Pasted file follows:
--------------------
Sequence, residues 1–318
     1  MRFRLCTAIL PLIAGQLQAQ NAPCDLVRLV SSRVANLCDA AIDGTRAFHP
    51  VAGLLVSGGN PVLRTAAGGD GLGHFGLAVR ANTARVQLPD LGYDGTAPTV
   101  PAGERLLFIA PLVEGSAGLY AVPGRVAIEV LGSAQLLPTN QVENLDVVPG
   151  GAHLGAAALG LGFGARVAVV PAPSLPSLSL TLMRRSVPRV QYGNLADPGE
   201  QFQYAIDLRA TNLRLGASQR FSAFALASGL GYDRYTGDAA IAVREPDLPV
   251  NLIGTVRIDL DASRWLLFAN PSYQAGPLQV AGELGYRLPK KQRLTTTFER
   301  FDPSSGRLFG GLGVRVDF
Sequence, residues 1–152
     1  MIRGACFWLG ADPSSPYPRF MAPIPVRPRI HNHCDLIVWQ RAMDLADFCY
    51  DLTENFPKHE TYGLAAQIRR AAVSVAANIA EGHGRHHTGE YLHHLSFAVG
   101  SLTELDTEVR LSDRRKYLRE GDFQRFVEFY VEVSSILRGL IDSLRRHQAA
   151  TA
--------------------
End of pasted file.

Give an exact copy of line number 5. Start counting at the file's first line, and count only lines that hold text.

   151  GAHLGAAALG LGFGARVAVV PAPSLPSLSL TLMRRSVPRV QYGNLADPGE